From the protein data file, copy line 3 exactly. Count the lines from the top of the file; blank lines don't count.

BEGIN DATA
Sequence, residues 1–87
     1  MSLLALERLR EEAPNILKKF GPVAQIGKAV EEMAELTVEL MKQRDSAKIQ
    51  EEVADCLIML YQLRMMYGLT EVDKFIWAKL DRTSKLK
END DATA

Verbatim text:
    51  EEVADCLIML YQLRMMYGLT EVDKFIWAKL DRTSKLK